Again it is argued that if trouble is caused over non-essential doctrines, say, about matters of prophecy, such doctrines ought to be suppressed.  We can be saved without them.  It is not necessary to bring them up at all.  It is mere wantonness to stir up trouble over such matters.  No one knows or can know anything about it at any rate, they think, and every man should keep his ideas on prophecy to himself. This specious and fallacious reasoning seems to have weight with some.  They do not see that it finally rests on the authority of men who presume to lay down to their brethren what is, and what is not, necessary, and therefore what is, and what is not, to be taught.  It would be strange if a Christian, having the Word of God in his hands, needed somebody to define for him what part of it is necessary and what superfluous; and what can be understood and what cannot; and what should be taught and what should be left out.  Surely no sectarian leader would wish any wider concessions than that, and any man given that right would have no difficulty in constructing a human creed for the Church.  What part of God’s Word is unnecessary?  What is the irreducible minimum of essential doctrine?  Perhaps only a few verses - say fifty, or a hundred?  And shall we discard all the rest, then, if someone challenges it, lest it cause trouble?  And what if the man who sorted out the essential from the non-essential made a mistake? Is any part of the Word to be set aside as valueless?  Granting, however, that a man could be saved without a knowledge of Bible prophecy - ought not that to be the best reason for mutual tolerance on the subject?  But with strange perverseness some will make that very thing an excuse for intolerance.  The sin of division lies not with those who differ, on one side or another of any question of scripture interpretation, but with either side, whichever sets up its view as an authoritative standard of fellowship and doctrinal soundness.  Any contingent that does this is no longer the simple Church of Christ, but a sect constituted upon a creed of human articles of faith.  But among simple Christians there is only one motto and appeal: “We are not right: the Bible is right.”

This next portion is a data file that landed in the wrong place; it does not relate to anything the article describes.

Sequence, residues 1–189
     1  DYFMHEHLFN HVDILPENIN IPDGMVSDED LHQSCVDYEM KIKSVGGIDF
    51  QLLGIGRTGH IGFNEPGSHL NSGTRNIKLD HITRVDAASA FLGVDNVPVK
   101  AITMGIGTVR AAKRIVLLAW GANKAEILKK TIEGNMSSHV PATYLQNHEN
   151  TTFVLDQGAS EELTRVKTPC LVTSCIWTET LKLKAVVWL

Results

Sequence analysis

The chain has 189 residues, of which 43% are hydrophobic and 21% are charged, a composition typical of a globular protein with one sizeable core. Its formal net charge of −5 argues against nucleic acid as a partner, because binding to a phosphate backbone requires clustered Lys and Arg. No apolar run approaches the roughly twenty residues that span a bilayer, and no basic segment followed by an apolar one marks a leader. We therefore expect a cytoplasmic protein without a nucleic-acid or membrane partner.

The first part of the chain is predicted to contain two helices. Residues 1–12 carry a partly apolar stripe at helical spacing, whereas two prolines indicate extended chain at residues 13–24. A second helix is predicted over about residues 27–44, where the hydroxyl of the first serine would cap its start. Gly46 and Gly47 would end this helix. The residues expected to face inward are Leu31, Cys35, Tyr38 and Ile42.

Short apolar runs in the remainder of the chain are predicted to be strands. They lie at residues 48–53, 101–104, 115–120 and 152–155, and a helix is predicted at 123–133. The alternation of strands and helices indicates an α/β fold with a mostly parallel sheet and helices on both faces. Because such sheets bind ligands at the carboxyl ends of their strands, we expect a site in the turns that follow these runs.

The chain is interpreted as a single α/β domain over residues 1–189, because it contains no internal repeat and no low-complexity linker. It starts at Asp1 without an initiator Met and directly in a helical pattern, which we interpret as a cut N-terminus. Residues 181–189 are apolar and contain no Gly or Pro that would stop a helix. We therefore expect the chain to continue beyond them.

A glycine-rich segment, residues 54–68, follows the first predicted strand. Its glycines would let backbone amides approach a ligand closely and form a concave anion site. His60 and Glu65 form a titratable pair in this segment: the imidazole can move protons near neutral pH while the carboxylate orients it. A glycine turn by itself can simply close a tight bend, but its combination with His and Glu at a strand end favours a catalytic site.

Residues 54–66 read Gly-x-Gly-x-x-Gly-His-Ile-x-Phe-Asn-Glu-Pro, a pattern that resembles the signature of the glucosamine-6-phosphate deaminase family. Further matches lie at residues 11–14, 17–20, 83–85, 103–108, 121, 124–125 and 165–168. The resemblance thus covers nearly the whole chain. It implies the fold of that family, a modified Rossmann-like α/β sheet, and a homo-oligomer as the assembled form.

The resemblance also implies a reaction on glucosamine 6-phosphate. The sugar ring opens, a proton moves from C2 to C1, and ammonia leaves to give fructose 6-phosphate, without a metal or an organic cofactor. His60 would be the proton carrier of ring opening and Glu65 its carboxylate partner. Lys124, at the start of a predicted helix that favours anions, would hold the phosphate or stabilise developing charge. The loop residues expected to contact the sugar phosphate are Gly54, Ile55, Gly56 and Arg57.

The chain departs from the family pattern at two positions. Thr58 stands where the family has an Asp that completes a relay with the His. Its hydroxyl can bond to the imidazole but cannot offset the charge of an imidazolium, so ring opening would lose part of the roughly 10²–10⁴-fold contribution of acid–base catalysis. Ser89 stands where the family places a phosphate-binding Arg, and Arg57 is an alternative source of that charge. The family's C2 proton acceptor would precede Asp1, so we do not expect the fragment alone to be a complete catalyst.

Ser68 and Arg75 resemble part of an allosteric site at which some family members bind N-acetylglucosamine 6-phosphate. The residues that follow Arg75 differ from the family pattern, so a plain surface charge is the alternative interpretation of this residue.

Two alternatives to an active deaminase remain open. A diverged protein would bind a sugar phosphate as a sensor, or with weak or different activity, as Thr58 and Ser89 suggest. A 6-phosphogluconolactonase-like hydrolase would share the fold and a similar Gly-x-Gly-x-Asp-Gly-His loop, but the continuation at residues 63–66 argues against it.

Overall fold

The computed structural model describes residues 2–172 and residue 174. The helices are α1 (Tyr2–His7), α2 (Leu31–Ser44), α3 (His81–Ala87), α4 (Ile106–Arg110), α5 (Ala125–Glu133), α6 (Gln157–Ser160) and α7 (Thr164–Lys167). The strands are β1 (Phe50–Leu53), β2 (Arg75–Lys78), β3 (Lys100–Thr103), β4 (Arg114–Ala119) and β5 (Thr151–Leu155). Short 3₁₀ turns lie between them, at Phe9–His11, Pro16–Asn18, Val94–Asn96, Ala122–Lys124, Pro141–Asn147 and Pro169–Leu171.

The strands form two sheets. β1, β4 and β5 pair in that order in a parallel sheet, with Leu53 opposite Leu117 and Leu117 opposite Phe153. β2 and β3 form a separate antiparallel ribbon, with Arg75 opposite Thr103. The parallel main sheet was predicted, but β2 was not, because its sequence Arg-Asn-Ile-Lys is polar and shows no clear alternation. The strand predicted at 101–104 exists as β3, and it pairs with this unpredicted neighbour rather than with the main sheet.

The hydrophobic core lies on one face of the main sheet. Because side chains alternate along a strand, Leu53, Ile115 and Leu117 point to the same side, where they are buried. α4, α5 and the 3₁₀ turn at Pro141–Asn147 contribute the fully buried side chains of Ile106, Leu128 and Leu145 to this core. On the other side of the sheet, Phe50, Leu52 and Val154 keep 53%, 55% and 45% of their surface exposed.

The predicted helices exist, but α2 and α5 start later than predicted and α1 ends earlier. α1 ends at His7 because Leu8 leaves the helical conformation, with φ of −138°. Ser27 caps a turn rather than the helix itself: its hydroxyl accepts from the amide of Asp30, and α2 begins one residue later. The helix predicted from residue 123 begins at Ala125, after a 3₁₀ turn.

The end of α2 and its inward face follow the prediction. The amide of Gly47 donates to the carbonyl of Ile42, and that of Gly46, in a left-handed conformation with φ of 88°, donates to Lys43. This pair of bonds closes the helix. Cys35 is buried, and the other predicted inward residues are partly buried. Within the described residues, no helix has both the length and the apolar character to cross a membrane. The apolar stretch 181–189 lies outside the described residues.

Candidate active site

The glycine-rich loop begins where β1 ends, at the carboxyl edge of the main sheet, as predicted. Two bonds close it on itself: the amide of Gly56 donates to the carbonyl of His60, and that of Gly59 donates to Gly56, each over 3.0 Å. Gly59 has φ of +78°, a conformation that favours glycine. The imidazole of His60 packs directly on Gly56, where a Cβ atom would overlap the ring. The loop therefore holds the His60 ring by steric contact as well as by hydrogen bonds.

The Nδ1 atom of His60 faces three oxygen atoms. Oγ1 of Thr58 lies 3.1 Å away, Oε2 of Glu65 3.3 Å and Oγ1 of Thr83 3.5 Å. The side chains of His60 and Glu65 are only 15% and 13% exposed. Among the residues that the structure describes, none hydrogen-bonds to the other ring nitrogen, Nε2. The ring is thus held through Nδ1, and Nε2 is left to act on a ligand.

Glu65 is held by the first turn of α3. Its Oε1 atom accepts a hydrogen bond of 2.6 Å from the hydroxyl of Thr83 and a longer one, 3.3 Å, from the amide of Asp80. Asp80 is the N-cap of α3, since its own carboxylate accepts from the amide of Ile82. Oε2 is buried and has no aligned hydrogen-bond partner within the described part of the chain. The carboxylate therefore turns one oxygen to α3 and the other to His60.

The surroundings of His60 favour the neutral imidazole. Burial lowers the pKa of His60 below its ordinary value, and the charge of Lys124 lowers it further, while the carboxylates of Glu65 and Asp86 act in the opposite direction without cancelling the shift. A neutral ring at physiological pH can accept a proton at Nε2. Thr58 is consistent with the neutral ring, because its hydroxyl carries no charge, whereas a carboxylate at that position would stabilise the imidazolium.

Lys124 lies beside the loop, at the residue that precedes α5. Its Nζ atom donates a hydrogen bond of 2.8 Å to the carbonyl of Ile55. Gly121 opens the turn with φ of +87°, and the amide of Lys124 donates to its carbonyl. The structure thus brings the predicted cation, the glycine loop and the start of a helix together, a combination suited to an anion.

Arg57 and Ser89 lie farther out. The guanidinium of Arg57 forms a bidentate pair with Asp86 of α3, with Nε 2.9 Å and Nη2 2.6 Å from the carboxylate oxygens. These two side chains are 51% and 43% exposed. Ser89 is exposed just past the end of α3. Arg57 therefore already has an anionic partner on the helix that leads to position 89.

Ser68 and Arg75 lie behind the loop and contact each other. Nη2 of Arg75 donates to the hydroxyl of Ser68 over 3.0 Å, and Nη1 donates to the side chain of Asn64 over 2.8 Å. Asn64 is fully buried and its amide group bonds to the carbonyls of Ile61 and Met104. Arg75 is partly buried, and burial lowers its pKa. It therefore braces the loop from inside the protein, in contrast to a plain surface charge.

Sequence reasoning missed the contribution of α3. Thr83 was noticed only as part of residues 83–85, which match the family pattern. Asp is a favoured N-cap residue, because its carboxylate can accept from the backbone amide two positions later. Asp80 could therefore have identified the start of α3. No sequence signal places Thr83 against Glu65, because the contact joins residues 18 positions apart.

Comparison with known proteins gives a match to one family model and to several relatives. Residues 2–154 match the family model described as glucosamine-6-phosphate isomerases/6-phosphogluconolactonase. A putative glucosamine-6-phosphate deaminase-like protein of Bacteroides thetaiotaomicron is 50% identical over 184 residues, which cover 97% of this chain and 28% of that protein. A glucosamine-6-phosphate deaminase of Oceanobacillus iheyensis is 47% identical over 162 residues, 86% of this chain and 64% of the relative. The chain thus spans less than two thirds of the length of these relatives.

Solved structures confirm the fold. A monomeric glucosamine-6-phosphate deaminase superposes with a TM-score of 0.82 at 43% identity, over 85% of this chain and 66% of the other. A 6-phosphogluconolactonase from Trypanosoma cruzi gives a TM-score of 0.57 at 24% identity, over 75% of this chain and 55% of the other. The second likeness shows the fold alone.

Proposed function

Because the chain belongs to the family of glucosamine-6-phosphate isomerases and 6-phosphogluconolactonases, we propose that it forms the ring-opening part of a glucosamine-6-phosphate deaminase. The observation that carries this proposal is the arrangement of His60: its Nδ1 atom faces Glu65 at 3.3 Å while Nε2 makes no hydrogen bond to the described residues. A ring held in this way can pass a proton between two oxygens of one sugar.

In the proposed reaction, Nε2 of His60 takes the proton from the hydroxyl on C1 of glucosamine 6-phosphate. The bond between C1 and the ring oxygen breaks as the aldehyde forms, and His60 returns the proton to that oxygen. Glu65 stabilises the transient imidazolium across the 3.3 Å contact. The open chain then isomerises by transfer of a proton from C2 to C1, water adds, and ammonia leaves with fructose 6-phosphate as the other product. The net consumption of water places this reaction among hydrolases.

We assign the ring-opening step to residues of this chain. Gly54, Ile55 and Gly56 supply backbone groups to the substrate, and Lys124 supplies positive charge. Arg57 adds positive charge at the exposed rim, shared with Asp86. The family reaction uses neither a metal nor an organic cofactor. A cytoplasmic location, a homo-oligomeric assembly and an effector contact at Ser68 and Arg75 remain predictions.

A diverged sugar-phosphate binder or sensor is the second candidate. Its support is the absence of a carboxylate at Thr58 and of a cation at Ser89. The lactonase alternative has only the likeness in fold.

For freedom did Christ set us free: stand fast and be not entangled again in a yoke of bondage.  This admonition applies especially to those who would be simply Christians.  Here also it is true that eternal vigilance is the price of liberty.  But liberty is not licence.  We do not advocate individualism and self-will.  The free Christian will feel all the more responsibility to consider his brother’s interest, to weigh well his speech and guard his teaching, because of his liberty; for through love we must be servants one of another.  But watch we must for ever more; for on one pretence or another, under one cover or another, comes the danger of thraldom to man’s creed.  The high position of the simple Christian and of the un-denominational Church must be zealously maintained against all encroachment of false authority and against the spirit of sectarianism.



Word and Work.*


* It is exceedingly interesting that Mr. Boll, who is among the rare souls who understand Scriptural Catholicity and can express it, was once a Roman Catholic.  Roman ‘catholicism’ is a right ‘universality’ applied to the totally wrong substance; for it is the universal communion of all the infant-sprinkled (for Rome recognizes the baptism of other Christian groups) instead of all the proved regenerate.  Baptismal regeneration is therefore introduced to correct the error.  But in fact her ‘catholicism’ has become so sharply limited by the rigid exclusion from communion of all but Papists that she has long been the supreme example of sectarianism. - D. M. PANTON.